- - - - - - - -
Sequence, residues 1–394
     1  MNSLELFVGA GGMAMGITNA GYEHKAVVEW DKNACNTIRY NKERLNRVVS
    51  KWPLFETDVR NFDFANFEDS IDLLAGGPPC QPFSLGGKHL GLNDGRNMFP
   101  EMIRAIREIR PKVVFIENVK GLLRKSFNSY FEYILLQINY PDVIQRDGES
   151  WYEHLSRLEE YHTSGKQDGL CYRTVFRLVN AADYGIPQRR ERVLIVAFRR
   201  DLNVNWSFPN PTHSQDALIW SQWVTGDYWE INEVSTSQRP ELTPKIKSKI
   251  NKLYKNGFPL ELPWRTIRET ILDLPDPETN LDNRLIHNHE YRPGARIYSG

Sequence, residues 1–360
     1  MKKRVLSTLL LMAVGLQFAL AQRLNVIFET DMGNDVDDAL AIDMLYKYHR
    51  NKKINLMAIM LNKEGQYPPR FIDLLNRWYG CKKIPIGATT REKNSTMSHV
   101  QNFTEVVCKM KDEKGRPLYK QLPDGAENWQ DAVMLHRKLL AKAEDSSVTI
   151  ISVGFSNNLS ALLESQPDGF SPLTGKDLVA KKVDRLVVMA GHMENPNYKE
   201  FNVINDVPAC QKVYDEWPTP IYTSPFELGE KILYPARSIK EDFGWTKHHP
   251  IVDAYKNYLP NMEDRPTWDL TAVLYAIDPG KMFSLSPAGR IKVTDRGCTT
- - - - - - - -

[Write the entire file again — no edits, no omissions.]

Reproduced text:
Sequence, residues 1–394
     1  MNSLELFVGA GGMAMGITNA GYEHKAVVEW DKNACNTIRY NKERLNRVVS
    51  KWPLFETDVR NFDFANFEDS IDLLAGGPPC QPFSLGGKHL GLNDGRNMFP
   101  EMIRAIREIR PKVVFIENVK GLLRKSFNSY FEYILLQINY PDVIQRDGES
   151  WYEHLSRLEE YHTSGKQDGL CYRTVFRLVN AADYGIPQRR ERVLIVAFRR
   201  DLNVNWSFPN PTHSQDALIW SQWVTGDYWE INEVSTSQRP ELTPKIKSKI
   251  NKLYKNGFPL ELPWRTIRET ILDLPDPETN LDNRLIHNHE YRPGARIYSG

Sequence, residues 1–360
     1  MKKRVLSTLL LMAVGLQFAL AQRLNVIFET DMGNDVDDAL AIDMLYKYHR
    51  NKKINLMAIM LNKEGQYPPR FIDLLNRWYG CKKIPIGATT REKNSTMSHV
   101  QNFTEVVCKM KDEKGRPLYK QLPDGAENWQ DAVMLHRKLL AKAEDSSVTI
   151  ISVGFSNNLS ALLESQPDGF SPLTGKDLVA KKVDRLVVMA GHMENPNYKE
   201  FNVINDVPAC QKVYDEWPTP IYTSPFELGE KILYPARSIK EDFGWTKHHP
   251  IVDAYKNYLP NMEDRPTWDL TAVLYAIDPG KMFSLSPAGR IKVTDRGCTT